MANKATO, Minn. (AP) — Christopher Crowell first spotted the red Queen Anne in 2011, soon after he moved to town. The late Victorian structure with a large turret is framed between two taller apartment buildings.
Still, the rundown 2 1/2-story house on South Second Street commanded Crowell’s attention.
“It was the same for me as it is for everyone who goes by that house; it calls you back to an earlier time,” he said. “My interest in Mankato’s history was stirred.”
In 2017, Crowell and his wife, Kristin Fisher, purchased the property known locally as The Red House or The Hunt House.
Their residence is nearby and also in Mankato’s historic Lincoln Park neighborhood.
The couple purchased the Second Street property from developers who had intended to tear down the house to make way for a new building.
“Thank goodness, the city wouldn’t let them,” Fisher said.
She and Crowell are renovating the house and plan to open a bed-and-breakfast at the address next year.
They were eligible for a rehab loan from the city for part of the repair costs, and Crowell has experience in remodeling buildings. Still, he felt overwhelmed by the extent of work necessary.
A window’s stained glass was broken and antique decor pieces stolen while the building sat vacant. Vandals ripped from the walls ornate fireplace mantels and stole several stamped-metal ceiling tiles.
Then, on a hot July day, Crowell fainted and fell from a porch roof he was repairing on the house. He needs to wear a neck brace for a few more weeks.
The renovation has progressed, however. Neighbor Jay Camp offered to help out in exchange for learning restoration skills. Professionals are handling plumbing and electrical wiring for the modernized bed-and-breakfast rental area of the house.
Historians found out about the project and offered information about the house where important Mankato figures had lived.
Friends helped the couple connect with the Preservation Alliance of Minnesota organization recently renamed RETHOS. The nonprofit had just begun a new education and outreach program designed to teach homeowners preservation tips.
“They said they had a plan that would fit perfectly with mine; they’d like to use my house as a platform for a class,” Crowell said.
The group works statewide as an advocate for the use of old buildings and sites. Its services are offered to those who need advice on historic designations or saving important structures. Education is also part of its mission, The Free Press reported.
During a recent Saturday tour at The Hunt House, RETHOS intern Laura Leppink pointed out the nooks and crannies where wood tends to rot in older homes.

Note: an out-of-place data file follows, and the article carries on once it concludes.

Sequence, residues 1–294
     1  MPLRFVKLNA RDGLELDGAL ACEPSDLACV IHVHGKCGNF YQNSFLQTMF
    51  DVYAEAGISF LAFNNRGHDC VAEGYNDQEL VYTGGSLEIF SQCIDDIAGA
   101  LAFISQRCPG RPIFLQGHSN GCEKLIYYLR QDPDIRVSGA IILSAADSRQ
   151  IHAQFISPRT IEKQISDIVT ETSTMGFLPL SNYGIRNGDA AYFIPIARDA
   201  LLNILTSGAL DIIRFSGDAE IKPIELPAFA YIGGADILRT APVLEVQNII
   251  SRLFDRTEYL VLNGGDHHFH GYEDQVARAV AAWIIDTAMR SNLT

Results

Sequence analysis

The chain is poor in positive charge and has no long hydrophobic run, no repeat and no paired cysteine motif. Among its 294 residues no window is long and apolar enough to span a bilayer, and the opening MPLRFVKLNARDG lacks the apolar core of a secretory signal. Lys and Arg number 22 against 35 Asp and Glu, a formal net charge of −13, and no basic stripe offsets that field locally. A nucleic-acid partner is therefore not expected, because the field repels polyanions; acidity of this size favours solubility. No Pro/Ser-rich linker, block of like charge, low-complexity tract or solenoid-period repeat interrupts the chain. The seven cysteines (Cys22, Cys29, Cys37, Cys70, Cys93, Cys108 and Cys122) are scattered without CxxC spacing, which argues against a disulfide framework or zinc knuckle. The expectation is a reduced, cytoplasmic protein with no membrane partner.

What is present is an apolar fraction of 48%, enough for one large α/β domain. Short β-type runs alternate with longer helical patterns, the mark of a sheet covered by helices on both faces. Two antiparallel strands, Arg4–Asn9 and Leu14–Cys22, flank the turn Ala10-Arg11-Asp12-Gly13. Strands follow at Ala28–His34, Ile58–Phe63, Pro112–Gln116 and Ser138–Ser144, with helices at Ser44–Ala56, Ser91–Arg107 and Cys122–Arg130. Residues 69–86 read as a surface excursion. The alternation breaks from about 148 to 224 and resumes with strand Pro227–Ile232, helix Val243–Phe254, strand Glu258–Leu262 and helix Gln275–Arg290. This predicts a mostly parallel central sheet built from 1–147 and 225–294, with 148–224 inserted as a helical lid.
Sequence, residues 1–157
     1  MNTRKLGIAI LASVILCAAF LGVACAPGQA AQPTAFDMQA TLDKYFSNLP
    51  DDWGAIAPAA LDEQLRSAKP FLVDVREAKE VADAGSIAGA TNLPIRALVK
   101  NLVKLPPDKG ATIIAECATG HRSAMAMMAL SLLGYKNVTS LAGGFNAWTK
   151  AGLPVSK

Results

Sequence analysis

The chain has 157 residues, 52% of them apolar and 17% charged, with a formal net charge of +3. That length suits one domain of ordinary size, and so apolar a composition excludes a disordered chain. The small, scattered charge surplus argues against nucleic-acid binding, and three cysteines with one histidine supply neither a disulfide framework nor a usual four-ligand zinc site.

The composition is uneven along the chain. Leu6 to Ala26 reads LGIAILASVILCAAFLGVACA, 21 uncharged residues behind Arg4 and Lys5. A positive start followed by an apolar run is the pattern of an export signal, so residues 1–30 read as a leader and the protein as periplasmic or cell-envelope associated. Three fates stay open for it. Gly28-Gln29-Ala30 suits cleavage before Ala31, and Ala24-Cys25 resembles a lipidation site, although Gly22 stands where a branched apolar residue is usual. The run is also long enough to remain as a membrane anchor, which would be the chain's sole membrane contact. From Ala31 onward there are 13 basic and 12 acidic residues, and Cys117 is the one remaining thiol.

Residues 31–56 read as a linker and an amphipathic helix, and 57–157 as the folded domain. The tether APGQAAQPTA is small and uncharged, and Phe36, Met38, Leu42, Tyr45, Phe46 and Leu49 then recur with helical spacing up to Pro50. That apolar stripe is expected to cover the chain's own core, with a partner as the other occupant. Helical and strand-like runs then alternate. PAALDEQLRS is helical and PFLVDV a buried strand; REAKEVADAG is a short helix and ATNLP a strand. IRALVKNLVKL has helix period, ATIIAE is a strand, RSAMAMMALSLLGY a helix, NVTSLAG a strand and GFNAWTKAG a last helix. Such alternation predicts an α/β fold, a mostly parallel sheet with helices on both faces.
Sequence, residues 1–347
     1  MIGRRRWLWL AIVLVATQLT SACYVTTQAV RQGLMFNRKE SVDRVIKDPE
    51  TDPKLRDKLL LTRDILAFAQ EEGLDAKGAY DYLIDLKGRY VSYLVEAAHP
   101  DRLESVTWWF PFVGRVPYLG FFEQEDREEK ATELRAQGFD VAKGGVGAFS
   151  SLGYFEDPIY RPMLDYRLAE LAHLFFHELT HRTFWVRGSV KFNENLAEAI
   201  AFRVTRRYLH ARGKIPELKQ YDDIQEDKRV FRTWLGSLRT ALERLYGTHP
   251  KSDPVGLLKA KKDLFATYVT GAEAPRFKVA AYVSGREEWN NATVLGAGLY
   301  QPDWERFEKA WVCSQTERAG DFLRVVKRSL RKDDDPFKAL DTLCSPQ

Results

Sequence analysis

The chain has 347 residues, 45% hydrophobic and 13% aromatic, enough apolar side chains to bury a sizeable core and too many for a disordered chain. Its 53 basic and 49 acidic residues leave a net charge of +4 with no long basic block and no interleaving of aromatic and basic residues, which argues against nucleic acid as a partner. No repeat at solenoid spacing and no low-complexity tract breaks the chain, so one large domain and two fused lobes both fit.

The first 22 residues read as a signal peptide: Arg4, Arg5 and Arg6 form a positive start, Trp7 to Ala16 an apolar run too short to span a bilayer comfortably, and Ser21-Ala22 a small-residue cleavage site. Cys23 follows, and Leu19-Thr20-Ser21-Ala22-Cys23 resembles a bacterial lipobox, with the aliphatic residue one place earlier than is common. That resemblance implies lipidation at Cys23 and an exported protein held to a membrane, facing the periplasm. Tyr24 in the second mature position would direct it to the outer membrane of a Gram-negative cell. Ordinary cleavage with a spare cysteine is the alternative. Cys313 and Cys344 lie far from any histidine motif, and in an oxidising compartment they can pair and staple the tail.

The structure that was placed on its limestone foundation in the 1880s shows few signs of wood rot. Paneling and siding from the 1970s had covered up and protected several areas of the house, including its distinct porch pillars and intricate bric-a-brac wood trim.
Crowell began the “Rehab Lab” day at Blue Earth County Historical Society’s History Center, where he presented a program about his property and its former occupants.
Leppink said having a homeowner who is passionate about renovations take part in the “place-based” program added a special quality.
“Chris was fantastic and the class asked lots of questions,” she said.
Karen Anderson said the class was appealing to her as yet another addition to her proverbial tool box.
“I’ll use what I learned on friends’ and family members’ homes,” said Anderson, a former Habitat for Humanity volunteer.
Anderson is a Mankato renter who works with college students to help them get involved in projects such as Campus Kitchen.
She said it was a surprise to find out during the class that the Americorps program offers help with home restorations as an option for young adults serving in the program.
RETHOS will offer another program Sept. 21 at the county’s history center for owners of historical residences who want their properties to be energy efficient.
“We are always happy to work with the alliance to help them expand the scope of what they offer,” said Heather Harren, Blue Earth County Historical Society’s communications and archives manager.
The historical society also appreciates Mankato’s owners of historical homes who want to keep them in good shape.
“We certainly don’t want to lose them,” Harren said.
Information from: The Free Press, http://www.mankatofreepress.com